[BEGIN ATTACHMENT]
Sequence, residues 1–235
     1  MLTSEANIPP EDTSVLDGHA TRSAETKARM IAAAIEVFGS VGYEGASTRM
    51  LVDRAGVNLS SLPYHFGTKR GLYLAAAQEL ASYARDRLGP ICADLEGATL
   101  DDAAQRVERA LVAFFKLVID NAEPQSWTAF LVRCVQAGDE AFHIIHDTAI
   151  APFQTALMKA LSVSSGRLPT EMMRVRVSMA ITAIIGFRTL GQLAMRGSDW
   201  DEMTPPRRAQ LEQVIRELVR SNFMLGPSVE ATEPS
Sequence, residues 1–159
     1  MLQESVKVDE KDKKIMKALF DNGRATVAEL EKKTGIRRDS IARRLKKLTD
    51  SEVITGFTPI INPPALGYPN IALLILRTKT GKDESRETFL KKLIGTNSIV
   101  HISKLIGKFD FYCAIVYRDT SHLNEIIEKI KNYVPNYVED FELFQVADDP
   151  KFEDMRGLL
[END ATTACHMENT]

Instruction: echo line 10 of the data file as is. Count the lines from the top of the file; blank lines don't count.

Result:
   101  HISKLIGKFD FYCAIVYRDT SHLNEIIEKI KNYVPNYVED FELFQVADDP